CRESCO, Iowa — There’s no denying it’s been challenging to be a dairy farmer the last five years.
“2014 was one of the best years a farmer could have asked for,” said Cresco dairy farmer Tim Huhe. “No matter what you did, there was money to be made. That changed in an ugly form the last five years.”
To keep going through years of low milk prices, the Huhes fine-tuned their operation.
“We milk a lot more cows than we used to with the same number of employees,” Tim said. “That leads to not keeping things as clean as you once did and that can be disappointing, but it’s what you have to give up to make sure the bills get paid. Hopefully the good years come back. You think about the moves you make and trust that the people you are working with are giving you good solid advice.”
The Huhes milk 360 Holsteins and Brown Swiss on their farm north of Cresco.
Tim’s wife, Diana, is an RN at St. Mary’s Hospital in Rochester, Minn. They have three daughters. Abby is a teacher, and Katie is a college student. Jennifer graduated from Iowa State University with degrees in dairy science and agricultural business in 2017. She works for Minnesota Select Sires and on the farm with her father.
In her day job, Jennifer mates cows and helps farmers come up with the right genetic strategies for their farms.
She has been making genetic decisions for her family’s farm the past three years.
“Our philosophy we work toward is long-lasting healthy cows that breed back with high components,” Jennifer said.
They are using more sexed semen on the heifers, and use beef semen on cows that do not produce replacement heifers. They AI all the cows and heifers, and if they don’t settle after three tries, they go to a beef bull.
The Huhes built a calf barn in 2014. It holds 84 calves ranging in age from birth to 2.5 months.
“After we built the calf barn, we started feeding baby calves three times a day instead of two and that’s made a big difference in how quickly they grow,” Tim said. “We’re breeding heifers sooner than we used to. They’re calving back in at just under two years.”
Tim and Jennifer start mixing feed early in the morning together. She goes to her day job, and when she comes back, they mix feed and finish up whatever needs to be done.
Cows are milked three times a day at 5 a.m., 1 p.m. and 9 p.m.. Most of their employees have been with them for 14-15 years.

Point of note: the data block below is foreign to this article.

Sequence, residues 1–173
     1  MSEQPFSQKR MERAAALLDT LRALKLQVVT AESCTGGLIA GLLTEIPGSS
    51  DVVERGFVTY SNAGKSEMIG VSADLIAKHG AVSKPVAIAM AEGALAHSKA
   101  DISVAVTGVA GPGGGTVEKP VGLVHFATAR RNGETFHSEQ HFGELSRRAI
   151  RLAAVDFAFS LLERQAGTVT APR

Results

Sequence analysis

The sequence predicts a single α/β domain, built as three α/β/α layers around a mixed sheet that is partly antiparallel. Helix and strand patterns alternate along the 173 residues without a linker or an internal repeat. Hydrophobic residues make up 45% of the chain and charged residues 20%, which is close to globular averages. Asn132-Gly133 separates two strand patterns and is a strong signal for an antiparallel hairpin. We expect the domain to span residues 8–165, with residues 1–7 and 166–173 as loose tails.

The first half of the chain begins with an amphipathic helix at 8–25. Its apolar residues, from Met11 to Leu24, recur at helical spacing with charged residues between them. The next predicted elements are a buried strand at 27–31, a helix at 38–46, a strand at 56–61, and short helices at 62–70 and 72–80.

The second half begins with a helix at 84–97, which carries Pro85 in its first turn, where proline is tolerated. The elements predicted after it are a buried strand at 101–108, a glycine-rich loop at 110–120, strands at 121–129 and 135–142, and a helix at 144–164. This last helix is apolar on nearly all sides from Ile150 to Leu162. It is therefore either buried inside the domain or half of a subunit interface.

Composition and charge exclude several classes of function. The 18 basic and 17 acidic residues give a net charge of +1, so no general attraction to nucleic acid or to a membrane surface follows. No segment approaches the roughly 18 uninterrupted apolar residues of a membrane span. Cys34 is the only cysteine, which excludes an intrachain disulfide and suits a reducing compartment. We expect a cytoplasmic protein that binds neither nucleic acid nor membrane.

Tim and his parents, Galen and Linda, formed a partnership in 1996. Galen and Linda were milking on the home farm and Tim at another site, and they joined together as H & H Farms. Eight years ago, Galen and Linda retired.
Tim has experienced all stages in dairy. When he was at home, his parents milked with buckets. They put in a pipeline when he went to college. After he joined his parents, they milked in the stall barn for three years before converting the barn to a double-8 parallel parlor in 1999. They put up their first free stall barn in two stages in the 1990s and added the second barn in stages in the 2000s.
“We’ve slowly expanded over time,” Tim said. “We originally milked 40 to 60 cows and slowly progressed to 350 to 360.”
The free stalls have sand bedding for the cows.
“We love sand,” Tim said. “The cows are so clean and comfortable.”
They sell their milk to Wapsie Valley Creamery in Independence Iowa.
The Huhes enjoy showing cattle. A highlight was when Jennifer showed the grand champion Red and White cow at the Minnesota State Fair five years ago. She has also shown at World Dairy Expo, earning medals both times she showed.
“This is a lot of work, but you have to find some fun along the way,” Tim said. “We work hard, but we like to find a little time to play too.”
The Huhes feed their bull calves to 800 pounds and sell them to a finisher. They also raise sheep and hogs. They farm just over 1,000 acres, growing corn, soybeans, oats and alfalfa. About 70 percent of their ground is no-till and they grow a rye cover crop on all corn silage ground. Liquid manure is injected.
COVID-19 added a layer of uncertainty this spring. The first 30 days were the most difficult, not knowing how it would hit them. There were worries about what would happen if Tim, Jennifer or their employees were unable to work and they wouldn’t be able to get the cows milked.
“As we’ve gone through this thing, I think we’ve learned more about how we protect our workforce,” Tim said. “Everyone is mindful that what they do can jeopardize everyone else.”
With her job, Jennifer spends more time on the phone and in Zoom meetings with farmers. When she gets to a farm, she has everything set up so that she can mate cows without face-to-face contact with farmers.
Tim is president of the Northeast Iowa Dairy Foundation and serves on the Howard County Farm Bureau Board and the Howard County Fair Board. His serving on boards means someone else is picking up the slack when he’s gone.
“This place never stops,” Tim said. “It takes a good workforce and family to make it happen.”
The family was honored as a Gary Wergin Good Farm Neighbor in 2018.
In looking to the future, Jennifer’s advice is “be prepared for change and work with your team.”
“The big thing is that if you don’t work with the younger generation, there is no future,” Tim said.